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The Barn - Before Disassembly
The Barn at 234 Lafayette Road

barn This house originally stood on the Post Road just over the line in North Hampton and was the tavern in the north part of what was then Hampton. Widow Mary Leavitt was the tavern keeper in March 1733 when the house caught fire during the Sunday church services. By the time men arrived from the center of town, the tavern was destroyed. Shortly afterwards, the townspeople raised a new house for the widow, and it served as a tavern until 1751, when the people of the new town of North Hampton persuaded her son to establish a new tavern near North Hill. Between that time and 1796, the house was moved to its present site on Lafayette Road, where it was a private dwelling until Sanders & McDermott, a law firm, bought the house in 1988.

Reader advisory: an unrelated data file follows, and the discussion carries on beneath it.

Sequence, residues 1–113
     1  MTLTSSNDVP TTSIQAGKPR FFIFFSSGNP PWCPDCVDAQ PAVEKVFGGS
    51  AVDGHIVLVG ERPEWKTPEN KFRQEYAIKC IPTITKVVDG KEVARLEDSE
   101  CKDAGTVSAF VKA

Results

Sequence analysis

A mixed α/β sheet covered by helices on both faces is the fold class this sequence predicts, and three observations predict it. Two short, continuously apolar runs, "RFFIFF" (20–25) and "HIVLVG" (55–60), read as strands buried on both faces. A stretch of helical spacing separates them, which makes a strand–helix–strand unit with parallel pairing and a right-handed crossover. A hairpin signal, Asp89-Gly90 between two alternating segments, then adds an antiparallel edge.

The barn is in very good condition and retains its entire original framework, some beams measuring 38 feet in length. Experts who have seen the barn belonging to this property believe that the present barn dates from the late eighteenth century and is an outstanding example of an in-town carriage barn. Such a barn would not serve a working farm but would instead be used for housing a couple of cows, horses, and a carriage. It is known that Capt. Caleb Toppan, a merchant from Newburyport, lived in the house from 1796 to 1806, and he may well have been the builder of the barn. It is not yet known if he also moved the house to its present site. Research is ongoing.

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